H. H. Richardson ~ First American Architect

MassMoments reminds that Henry Hobson Richardson was born on this day – September 29, 1838. During his short life, Henry Hobson Richardson designed churches, courthouses, train stations, libraries, and other important civic buildings. Featuring semicircular “Roman” arches set in massive stone walls, Richardson’s unique style became known as “Richardsonian Romanesque” – the first and only architectural style ever named after an American. Richardson is known as the “First American Architect” because he broke away from European traditions and designed buildings that stood out as truly original. A Harvard grad, Richardson made Boston and later Brookline his home. He designed many Massachusetts buildings and influenced many others with his “Richardsonian Romanesque” style such as the City Hall and Public Library (Pollard Memorial Library) in Lowell.

Pollard Memorial Library and Old City Hall, Lowell Poster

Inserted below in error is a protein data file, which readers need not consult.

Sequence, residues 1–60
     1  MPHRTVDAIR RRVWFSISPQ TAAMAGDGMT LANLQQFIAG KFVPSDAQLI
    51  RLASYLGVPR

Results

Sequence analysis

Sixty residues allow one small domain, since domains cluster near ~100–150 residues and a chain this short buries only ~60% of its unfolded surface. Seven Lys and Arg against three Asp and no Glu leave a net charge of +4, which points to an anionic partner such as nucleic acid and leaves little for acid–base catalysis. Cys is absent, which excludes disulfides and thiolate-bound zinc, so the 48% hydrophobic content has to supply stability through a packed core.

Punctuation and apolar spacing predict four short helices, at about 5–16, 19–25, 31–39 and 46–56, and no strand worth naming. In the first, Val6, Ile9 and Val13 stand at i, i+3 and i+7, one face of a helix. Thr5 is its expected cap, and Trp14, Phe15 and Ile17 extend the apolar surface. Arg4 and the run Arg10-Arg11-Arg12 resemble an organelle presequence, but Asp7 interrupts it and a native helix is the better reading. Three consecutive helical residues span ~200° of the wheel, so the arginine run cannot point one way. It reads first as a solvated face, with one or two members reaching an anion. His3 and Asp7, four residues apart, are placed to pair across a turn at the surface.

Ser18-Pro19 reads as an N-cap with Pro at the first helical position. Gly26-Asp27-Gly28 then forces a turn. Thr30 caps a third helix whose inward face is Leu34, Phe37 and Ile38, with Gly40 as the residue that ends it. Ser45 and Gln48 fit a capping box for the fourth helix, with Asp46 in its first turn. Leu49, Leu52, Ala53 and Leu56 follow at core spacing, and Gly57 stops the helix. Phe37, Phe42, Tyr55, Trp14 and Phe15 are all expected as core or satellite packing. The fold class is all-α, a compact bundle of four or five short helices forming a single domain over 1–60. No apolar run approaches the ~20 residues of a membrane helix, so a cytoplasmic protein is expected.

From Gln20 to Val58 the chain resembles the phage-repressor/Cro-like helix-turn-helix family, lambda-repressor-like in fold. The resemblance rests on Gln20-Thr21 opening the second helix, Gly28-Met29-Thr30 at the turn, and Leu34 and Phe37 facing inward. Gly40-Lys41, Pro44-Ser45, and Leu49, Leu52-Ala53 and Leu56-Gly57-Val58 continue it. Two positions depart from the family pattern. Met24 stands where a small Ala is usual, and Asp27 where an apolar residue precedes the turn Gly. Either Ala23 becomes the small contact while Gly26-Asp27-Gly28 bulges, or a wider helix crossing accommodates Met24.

On This Day...

      …in 1838, Henry Hobson Richardson, one of the true geniuses of American architecture, was born. A native of Louisiana, he received his architectural training in Paris. But the ties he formed during his years at Harvard College, including marriage to a Bostonian, led him to make Boston his home. He designed nearly 80 buildings, including churches, libraries, railroad stations, and private homes, many of them in Massachusetts. His buildings were visually striking and beautifully proportioned. He used forms inspired by early medieval churches, including rounded arches, massive towers, and rugged stone walls, with blocks often laid in bands of contrasting color. Widely copied across the nation, “Richardsonian Romanesque” became the first and only architectural style ever named after an American.